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Arizona "Grand" Tour
Flagstaff, the Grand Canyon, and Sedona — a Perfect Loop

"Be sure to see Walnut Canyon's ancient Sinagua cliff dwellings!"…"Spend a few days in the red rock country of Sedona!"…"Flagstaff's old town has great shops and restaurants!"…"Don't miss the sunset views of the Grand Canyon from Hopi Point!" — advice, advice, advice. The suggestions of our Arizona friends were welcome, but, at the time, the task of planning our vacation felt overwhelming.

Grand Canyon Vista
150-degree view takes in Granite Gorge ( center) and Isis, Shiva,  and Ra Temples (left)

Step to the future… You've decided this is your year to visit the Grand Canyon and you need to plan your trip. What to do? "Advice, advice, advice" — come along on this nine-day tour designed so you can experience the region to the max. It's based on what proved to be our "best-ever" U.S. vacation… an awe-inspiring tour of the Canyon and Arizona's Colorado Plateau region.

Northern Arizona "Loop"

This "loop" is really a "lasso" shape. The tour goes north from Phoenix on I-17, returning on the same route. The great sites of the Colorado Plateau are toured in a counterclockwise circle with three days each at Flagstaff, the Grand Canyon, and Sedona.

The itinerary starts with top-rate lessons in the geology of the plateau and canyon, as well as Southwest Native American history and culture. After the highlight of the Canyon itself, the tour ends with a "vacation from your vacation" in uniquely beautiful and relaxing Red Rock Country.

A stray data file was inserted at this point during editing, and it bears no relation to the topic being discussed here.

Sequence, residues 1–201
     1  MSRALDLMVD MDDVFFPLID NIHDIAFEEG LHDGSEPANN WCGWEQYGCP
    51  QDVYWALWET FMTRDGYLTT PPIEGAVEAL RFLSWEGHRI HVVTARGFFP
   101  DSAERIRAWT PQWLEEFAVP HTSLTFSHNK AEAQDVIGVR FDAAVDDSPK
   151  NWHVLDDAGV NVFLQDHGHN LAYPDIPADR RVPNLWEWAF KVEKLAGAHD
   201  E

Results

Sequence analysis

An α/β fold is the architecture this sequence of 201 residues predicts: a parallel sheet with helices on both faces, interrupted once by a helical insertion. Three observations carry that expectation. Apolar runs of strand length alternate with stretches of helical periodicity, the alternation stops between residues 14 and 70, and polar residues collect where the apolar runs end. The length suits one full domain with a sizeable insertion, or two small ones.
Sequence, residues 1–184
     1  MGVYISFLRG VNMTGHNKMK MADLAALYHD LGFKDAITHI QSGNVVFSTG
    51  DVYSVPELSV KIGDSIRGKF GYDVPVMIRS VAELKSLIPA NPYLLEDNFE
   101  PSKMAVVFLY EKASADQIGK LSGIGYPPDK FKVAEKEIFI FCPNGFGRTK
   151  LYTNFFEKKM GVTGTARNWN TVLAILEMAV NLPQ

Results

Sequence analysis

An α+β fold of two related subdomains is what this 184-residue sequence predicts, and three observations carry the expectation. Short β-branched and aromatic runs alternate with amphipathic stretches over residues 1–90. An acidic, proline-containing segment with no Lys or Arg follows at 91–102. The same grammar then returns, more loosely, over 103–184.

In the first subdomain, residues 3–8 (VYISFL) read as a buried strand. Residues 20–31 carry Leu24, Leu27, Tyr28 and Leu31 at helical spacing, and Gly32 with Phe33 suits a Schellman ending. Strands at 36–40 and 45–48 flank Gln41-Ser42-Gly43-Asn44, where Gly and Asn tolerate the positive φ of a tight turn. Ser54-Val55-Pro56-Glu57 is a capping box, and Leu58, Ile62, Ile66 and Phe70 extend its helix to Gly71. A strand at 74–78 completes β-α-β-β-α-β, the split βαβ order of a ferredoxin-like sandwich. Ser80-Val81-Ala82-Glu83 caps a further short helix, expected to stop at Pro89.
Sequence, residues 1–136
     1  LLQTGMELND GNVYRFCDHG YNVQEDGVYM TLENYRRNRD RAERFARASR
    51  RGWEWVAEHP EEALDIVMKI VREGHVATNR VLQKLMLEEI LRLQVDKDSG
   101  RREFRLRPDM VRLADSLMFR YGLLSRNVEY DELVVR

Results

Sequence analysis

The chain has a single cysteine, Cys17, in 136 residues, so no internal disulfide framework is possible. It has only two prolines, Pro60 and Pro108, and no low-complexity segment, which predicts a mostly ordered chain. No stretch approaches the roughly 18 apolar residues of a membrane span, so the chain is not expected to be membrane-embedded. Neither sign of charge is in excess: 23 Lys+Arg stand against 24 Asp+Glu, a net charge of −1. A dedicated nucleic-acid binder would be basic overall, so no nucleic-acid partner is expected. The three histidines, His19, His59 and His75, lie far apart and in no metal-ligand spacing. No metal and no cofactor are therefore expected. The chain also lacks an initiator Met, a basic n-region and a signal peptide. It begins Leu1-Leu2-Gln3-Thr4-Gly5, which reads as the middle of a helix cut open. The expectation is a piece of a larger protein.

Road Map
Courtesy: About.com Arizona Maps


The famous U.S. Route 66 railroad town is only a three-hour drive north of Phoenix. On the drive up, be sure to make a half-way-point visit to Montezuma's Castle, just off I-17. The five-story, 20-room dwelling built by ancient Sinagua farmers in the 1100s sits in a cliff recess, a hundred feet above the valley floor. You'll rejoin the route north wanting to learn more about Southwest cultures.

Flagstaff is home to the Museum of Northern Arizona. This makes a good first tour stop, since it provides a perfect intro to the natural sciences and native peoples of the Colorado Plateau. In a two-hour visit you'll learn the geologic story of the Grand Canyon, as well as the anthropology, culture, and art of the ancient Anasazi and Sinagua peoples and today's Navajo, Hopi, and Zuni communities.

Montezuma's Castle
Montezuma's Castle

Inn at 410
Flagstaff's Inn at 410

A great way to enjoy Flagstaff is a stay at comfortable and quiet Inn at 410 on Leroux St., a few short blocks away from the energetic, restored old town center. You'll be treated to tasty breakfasts and be close to great dining at Chez Marc, Cottage Place, and Pasto. Renting bicycles at Absolute Bikes on San Francisco St. provides for a good way to explore the town. You can use the Urban Trail System with pathways through interesting Northern Arizona University campus.

Wupatki Pueblo
Wupatki Pueblo ruins (photo: NPS)

From your Flagstaff location you can easily visit Walnut Canyon, ten miles east. The best hike is down 240 steps to one-mile-long Island Trail. Take time to explore the 25 Sinagua cliff dwellings from the 12th-century and the various desert plant life zones. The Sinagua (Spanish for "without water") were unique in their ability to survive this dry region with irrigation-free farming. Another must see site is Wupatki Pueblo, 35 miles northeast on Route 89, with its amazing, 800-year-old, hundred-room structure and the adjoining circular community room. The riddle of Wupatki is the Anasazi-style construction alongside the Sinagua-style pottery and farming methods…a unique cultural blending.

Grand Canyon, South Rim

Drive north from Flagstaff along U.S. 89, turning west at the town of Cameron on State Route 64 westward to the east entrance of Grand Canyon National Park. A short drive brings you to breathtaking views of the Canyon at Desert View. Climb the lookout station for scenes looking northward up the Colorado River and east to the Painted Desert. The afternoon is yours to tour the lookouts along Desert View Drive, including Navajo, Lipan, Moran, and Grandview Points. Every view will be unique, as the mood and scene changes continually with the angle of the sun and atmospheric variations. Another interesting stop is Tusayan Ruins where an Anasazi tribe of about thirty people lived in the 1100s.